What Is A “Bait and Switch” Contract?
As attorneys who work in contract disputes and consumer protection, we frequently speak with clients about a phenomenon known as “bait and switch,” whereby a seller will create a disingenuous offer in order to ‘lure’ in a buyer, only to turn around and make a major ‘switch’ in that contract; whether that involves charging the consumer more than what the offer promised or delivering a different type of service(s), etc.
When companies engage in unscrupulous practices like these, it can be overwhelming to consumers, especially if they are potentially facing losing a deposit, or even being threatened by the company, which could be insisting that they fulfill their version of what the contract dictates, or face a lawsuit. Still, it is important to note that bait and switch activities like these are violations of the Consumer Fraud and Deceptive Business Practices Act, and can also form the basis of breach of contract, fraud, and unjust enrichment claims as well.
How the Law Defines It
The federal government and Ohio Attorney General have a very specific definition of bait and switch, and it is broad. For example, a TV ad could technically count as an offer; meaning that, once aired, a consumer could be deemed to have a legally enforceable expectation of being able to purchase the product, as advertised. Any kind of agreement in writing creates an even more binding circumstance – an estimate, a quote, etc.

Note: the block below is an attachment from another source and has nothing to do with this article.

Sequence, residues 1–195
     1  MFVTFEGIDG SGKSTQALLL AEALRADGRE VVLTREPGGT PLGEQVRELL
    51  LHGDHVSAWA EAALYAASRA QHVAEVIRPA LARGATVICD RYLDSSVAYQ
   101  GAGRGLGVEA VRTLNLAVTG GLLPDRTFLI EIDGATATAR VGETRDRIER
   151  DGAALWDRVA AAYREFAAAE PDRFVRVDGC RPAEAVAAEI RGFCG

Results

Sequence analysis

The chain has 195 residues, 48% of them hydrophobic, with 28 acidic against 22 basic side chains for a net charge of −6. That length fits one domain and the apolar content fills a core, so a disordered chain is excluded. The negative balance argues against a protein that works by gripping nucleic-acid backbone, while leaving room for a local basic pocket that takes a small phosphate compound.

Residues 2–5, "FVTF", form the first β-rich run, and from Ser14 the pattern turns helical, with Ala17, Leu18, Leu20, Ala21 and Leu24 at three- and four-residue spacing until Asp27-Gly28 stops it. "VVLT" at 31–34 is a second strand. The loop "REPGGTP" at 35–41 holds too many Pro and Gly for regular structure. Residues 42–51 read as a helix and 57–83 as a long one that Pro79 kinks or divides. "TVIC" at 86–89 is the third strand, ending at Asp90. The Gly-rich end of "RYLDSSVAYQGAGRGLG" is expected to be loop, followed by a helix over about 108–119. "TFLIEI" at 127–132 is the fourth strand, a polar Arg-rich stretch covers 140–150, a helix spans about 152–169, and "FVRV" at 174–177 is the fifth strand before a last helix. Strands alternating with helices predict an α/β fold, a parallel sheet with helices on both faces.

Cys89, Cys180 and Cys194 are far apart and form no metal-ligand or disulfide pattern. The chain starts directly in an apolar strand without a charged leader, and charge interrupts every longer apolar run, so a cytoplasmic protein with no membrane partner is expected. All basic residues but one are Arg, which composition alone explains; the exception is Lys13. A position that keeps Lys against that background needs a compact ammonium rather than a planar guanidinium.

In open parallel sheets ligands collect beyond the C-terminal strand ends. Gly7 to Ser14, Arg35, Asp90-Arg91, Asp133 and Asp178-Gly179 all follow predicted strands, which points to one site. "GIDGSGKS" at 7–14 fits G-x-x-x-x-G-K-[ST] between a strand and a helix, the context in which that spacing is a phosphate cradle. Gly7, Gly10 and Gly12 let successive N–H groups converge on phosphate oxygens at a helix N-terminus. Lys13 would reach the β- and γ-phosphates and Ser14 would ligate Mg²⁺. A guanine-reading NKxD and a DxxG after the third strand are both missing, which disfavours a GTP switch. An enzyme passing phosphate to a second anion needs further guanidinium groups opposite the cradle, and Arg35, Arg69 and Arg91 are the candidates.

Specifically, Ohio law includes the following actions as prohibited activities:
- Statements and/or pictures that create a false impression
- Penalizing employees who deliver products or services as promised
- Delivering goods or services that are different than promised
- Availability issues on promised goods or services and refusing to issue or honor rain checks if out of stock and/or otherwise unavailable
- Pressuring customers to pay for one thing and then accepting something else
Keep in mind however that bait and switch doesn’t just involve delivering a different product – just the behavior involving offering something that the seller doesn’t intend to sell, such that the consumer is “baited,” and, once the consumer ‘takes the bait,’ the seller then pressuring them into something more expensive (‘you’ll be violating the contract if you cancel now,” or “you’ll lose your deposit,” etc.), for example – this is the switch, and involves the seller gaining some benefit (for example, increased profits).
Reach Out to Us Today
If you are an Ohio consumer who has been left frustrated by a company who has made one promise and is now costing you time, money, and aggravation by making last minute changes to that promise, you are probably eager to do whatever it takes to ‘right’ this wrong, including contacting the Better Business Bureau, leaving negative reviews for the company online, etc. Contact our Columbus consumer law attorneys at the Kohl & Cook Law Firm LLC first to find out how we can help guide and support you so that you are not a victim in these circumstances.